Computerised systems that automatically match fingerprints have become so sophisticated that the best of them are accurate more than 99% of the time, according to a new US study.
Computer scientists at the US Commerce Department’s National Institute of Standards and Technology (NIST) tested 34 commercially available fingerprint matching systems provided by 18 companies from around the world.
The systems were compared using a total of 48,105 sets of fingerprints from 25,309 people.
The most accurate systems were from NEC of Japan, SAGEM of France and Cogent, an American company, and NIST says that the performance of the three systems was comparable.
However, the performance varied depending on how many fingerprints from a given individual were being matched. The best system was accurate 98.6% of the time on single-finger tests, 99.6% of the time on two-finger tests, and 99.9% of the time for tests involving four or more fingers. The accuracies were obtained for a false positive rate of 0.01 percent.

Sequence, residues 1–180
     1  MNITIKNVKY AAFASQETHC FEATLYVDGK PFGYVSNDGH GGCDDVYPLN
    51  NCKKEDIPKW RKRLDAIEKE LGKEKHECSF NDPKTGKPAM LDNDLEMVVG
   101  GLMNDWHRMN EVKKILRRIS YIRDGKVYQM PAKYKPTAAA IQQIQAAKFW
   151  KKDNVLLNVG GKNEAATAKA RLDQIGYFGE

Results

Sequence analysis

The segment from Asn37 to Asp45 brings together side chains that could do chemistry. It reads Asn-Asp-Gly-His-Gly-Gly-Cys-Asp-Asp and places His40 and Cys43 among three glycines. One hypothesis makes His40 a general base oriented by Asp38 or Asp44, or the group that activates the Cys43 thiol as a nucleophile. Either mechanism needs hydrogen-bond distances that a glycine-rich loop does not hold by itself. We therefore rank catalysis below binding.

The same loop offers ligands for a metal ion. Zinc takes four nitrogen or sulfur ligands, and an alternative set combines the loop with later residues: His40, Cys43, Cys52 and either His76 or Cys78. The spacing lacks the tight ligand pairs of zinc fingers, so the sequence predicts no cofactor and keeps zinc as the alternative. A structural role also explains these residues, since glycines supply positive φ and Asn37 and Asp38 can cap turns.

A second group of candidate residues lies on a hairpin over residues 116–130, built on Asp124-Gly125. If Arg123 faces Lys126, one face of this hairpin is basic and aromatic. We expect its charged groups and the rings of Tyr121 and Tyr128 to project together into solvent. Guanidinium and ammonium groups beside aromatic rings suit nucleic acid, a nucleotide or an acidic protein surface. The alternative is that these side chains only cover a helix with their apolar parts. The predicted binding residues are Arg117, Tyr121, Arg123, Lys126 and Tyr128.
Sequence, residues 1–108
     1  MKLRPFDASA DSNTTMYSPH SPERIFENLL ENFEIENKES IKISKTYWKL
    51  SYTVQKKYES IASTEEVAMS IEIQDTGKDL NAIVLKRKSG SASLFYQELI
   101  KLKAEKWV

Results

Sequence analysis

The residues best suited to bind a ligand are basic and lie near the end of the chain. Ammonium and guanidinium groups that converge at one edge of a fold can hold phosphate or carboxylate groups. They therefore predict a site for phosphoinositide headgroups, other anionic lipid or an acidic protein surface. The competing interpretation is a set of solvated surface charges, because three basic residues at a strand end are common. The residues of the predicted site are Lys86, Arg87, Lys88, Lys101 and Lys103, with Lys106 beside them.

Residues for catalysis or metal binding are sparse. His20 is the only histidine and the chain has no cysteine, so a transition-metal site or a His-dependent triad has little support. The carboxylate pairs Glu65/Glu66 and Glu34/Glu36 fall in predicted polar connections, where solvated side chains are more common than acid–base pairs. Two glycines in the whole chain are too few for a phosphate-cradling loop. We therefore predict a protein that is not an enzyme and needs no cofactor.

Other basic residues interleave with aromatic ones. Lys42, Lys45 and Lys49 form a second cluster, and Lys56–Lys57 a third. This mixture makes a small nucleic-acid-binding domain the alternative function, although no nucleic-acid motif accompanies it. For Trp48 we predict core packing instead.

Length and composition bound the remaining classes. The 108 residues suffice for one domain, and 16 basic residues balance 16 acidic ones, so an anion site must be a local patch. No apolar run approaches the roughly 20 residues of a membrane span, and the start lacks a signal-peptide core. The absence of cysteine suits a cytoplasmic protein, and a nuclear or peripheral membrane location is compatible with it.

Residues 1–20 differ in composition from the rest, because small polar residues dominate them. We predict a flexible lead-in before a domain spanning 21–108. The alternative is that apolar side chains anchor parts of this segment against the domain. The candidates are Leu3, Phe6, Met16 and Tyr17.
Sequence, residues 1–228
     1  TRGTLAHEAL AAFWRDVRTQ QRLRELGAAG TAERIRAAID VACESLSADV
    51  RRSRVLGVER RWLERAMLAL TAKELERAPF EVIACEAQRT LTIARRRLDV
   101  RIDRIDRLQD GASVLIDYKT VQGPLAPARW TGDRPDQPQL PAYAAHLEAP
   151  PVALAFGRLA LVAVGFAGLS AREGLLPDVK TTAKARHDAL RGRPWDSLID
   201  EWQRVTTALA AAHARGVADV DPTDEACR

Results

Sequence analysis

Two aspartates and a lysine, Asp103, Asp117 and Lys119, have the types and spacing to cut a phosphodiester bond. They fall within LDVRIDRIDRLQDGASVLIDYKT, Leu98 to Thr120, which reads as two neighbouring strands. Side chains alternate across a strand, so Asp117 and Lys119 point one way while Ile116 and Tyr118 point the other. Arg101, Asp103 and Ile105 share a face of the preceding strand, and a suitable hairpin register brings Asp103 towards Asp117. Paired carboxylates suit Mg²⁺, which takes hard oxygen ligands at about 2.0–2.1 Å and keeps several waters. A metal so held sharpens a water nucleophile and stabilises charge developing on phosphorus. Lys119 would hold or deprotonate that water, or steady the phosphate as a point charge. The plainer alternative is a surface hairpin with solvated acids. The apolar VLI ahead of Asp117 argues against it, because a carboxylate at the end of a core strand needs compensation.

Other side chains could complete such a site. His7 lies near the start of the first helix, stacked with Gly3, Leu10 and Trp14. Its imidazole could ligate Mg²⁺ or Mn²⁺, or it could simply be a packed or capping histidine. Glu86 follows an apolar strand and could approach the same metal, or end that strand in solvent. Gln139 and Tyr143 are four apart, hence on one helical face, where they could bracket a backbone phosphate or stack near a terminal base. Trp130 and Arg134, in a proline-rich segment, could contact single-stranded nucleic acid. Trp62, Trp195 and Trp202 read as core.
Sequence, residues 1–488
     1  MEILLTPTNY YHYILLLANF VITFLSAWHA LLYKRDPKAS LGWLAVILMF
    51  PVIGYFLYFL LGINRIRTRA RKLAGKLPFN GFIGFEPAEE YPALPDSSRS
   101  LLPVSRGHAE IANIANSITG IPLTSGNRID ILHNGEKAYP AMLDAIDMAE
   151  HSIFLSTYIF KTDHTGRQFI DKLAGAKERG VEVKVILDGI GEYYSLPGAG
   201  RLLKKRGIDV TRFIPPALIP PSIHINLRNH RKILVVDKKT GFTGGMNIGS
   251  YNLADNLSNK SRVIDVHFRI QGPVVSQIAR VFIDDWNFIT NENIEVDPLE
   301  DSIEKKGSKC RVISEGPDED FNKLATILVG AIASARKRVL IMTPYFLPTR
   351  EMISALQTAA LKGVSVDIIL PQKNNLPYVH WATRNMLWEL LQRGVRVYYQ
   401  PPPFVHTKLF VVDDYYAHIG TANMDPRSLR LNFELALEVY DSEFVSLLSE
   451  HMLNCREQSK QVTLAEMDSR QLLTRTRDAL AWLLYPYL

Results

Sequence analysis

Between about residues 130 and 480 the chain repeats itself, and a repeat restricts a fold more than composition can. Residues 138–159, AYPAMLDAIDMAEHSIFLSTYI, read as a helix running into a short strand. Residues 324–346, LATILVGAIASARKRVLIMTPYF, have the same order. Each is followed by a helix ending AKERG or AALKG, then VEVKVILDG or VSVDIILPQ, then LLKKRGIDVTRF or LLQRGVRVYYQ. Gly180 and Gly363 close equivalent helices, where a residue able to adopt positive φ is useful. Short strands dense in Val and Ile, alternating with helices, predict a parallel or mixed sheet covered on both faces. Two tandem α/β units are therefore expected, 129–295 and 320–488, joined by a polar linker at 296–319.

The Justice Management Division of the US Department of Justice funded the study in connection with its efforts to integrate the fingerprint systems operated by the Federal Bureau of Investigation and the Department of Homeland Security.
NIST is publishing a series of reports on the testing that includes a comprehensive analysis of the results. The first of these reports is available <link>here=http://fpvte.nist.gov</link>.